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Matthews Asia Weekly



New double-armed robots are handling increasingly complex procedures in manufacturing.

A New Breed of Robotics

Week of October 31, 2014

Earlier this fall, I attended the International Manufacturing Technology Show in Chicago, where companies from around the world came to showcase new products that utilize the latest in cutting edge manufacturing technologies, such as machine tools, robotics and various automation components. The biannual tradeshow is the largest of its kind in the world, a virtual theme park for manufacturing geeks. Despite the oft-mentioned talk of offshoring, manufacturing in America continues to grow at a healthy pace, driven by autos, aerospace and energy-related fields. Thanks to the expansion of these relatively higher value-added industries, productivity of manufacturing in the U.S. has seen impressive improvement in recent years. Capital spending has also been robust as companies seek to capitalize on business opportunities. However, such manufacturers are also keen to adopt more automation and robotics to help keep fixed costs in check. 

“Collaborative robots” were among the new products I saw at this September’s show. The majority of today’s industrial robots are not made to work alongside humans as they are simply too powerful and not equipped with safety systems. On a production line, robots are typically housed inside metal cages to keep their human operators safe. This isn’t much of an issue if you have a large enough factory but as manufacturers seek to replace human processes with robots, they often find that the existing factory floor space is insufficient to make these metal cages. That’s where these collaborative robots come into play. These robots are equipped with sensors and other safety systems allowing them to operate in tight spaces alongside employees. They are also covered in a soft foam material and color coded to differentiate them from other non-collaborative robots. It will be interesting to see how this new type of robot is accepted in the market over the next few years.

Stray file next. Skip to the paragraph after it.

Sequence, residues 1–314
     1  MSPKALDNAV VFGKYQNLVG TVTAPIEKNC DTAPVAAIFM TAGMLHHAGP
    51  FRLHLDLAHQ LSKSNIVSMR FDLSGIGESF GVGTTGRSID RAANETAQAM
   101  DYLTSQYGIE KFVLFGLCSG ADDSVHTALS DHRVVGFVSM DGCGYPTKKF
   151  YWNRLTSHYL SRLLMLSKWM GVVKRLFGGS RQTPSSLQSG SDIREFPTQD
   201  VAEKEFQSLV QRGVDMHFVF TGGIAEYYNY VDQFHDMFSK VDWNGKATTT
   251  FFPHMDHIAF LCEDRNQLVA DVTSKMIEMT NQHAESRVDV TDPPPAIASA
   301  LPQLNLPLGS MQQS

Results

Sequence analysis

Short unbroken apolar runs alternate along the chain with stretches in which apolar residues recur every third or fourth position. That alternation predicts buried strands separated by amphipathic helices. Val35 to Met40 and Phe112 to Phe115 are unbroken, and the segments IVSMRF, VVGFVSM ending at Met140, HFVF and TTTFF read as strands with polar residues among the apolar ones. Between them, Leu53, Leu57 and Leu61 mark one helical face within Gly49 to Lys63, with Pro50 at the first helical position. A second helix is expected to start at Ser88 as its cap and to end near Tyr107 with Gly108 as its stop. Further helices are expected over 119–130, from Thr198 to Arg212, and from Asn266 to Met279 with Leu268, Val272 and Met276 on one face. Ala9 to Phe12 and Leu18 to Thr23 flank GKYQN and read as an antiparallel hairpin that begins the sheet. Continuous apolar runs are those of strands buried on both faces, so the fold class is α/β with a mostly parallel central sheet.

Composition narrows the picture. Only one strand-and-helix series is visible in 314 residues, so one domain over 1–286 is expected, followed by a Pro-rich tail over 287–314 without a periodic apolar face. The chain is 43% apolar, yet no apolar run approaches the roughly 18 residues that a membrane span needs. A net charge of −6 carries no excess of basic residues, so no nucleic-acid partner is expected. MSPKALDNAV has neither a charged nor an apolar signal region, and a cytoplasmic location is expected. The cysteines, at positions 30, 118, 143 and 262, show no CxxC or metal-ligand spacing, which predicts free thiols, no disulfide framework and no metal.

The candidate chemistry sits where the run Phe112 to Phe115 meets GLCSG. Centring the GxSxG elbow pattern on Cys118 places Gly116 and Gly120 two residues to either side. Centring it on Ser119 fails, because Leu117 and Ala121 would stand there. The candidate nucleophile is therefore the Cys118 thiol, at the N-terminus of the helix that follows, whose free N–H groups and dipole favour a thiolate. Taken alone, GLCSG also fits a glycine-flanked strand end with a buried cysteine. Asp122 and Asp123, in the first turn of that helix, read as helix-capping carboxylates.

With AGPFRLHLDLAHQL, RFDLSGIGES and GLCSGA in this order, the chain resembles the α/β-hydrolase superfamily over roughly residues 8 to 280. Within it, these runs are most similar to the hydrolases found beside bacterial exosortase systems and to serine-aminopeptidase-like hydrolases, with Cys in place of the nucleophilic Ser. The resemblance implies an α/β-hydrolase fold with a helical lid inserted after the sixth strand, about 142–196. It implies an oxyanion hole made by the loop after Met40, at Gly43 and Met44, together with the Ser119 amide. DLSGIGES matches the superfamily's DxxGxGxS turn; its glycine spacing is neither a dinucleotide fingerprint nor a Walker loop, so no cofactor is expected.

Something else that caught my eye during the show was a project to build a car with a 3D printer. These 3D printing products, also known as additive manufacturing, had me feeling quite skeptical. Individual components were showcased as they were completed but ultimately, I wasn’t impressed. The parts looked like a lump of unfinished rubbery string, not aesthetically pleasing. I had been envisioning a ready-to-go product coming off the printer but the technology does not seem to be there yet. Don’t get me wrong. I think 3D printing is an exciting technology, but there are clearly areas where 3D printing will make sense and others where it won’t at all. Products like medical implants seem to be a good application, given the ability to customize the dimensions easily. However, slow production cycles and stringent quality requirements may limit adoption of 3D printing in areas like autos and aerospace. We will keep our eyes open for any technology breakthroughs that can speed up the adoption of such printing for manufacturing purposes. 

Attending these tradeshows rarely leads to immediate investment decisions. However, they do help us better understand the industry and factors that may affect a sector’s future growth. And hey, where else can I play blackjack with a two-armed robot dealer. 

Kenichi Amaki 
Portfolio Manager 
Matthews Asia 

The subject matter contained herein has been derived from several sources believed to be reliable and accurate at the time of compilation. Matthews does not accept any liability for losses either direct or consequential caused by the use of this information. Investing in small- and mid-size companies is more risky than investing in large companies as they may be more volatile and less liquid than large companies.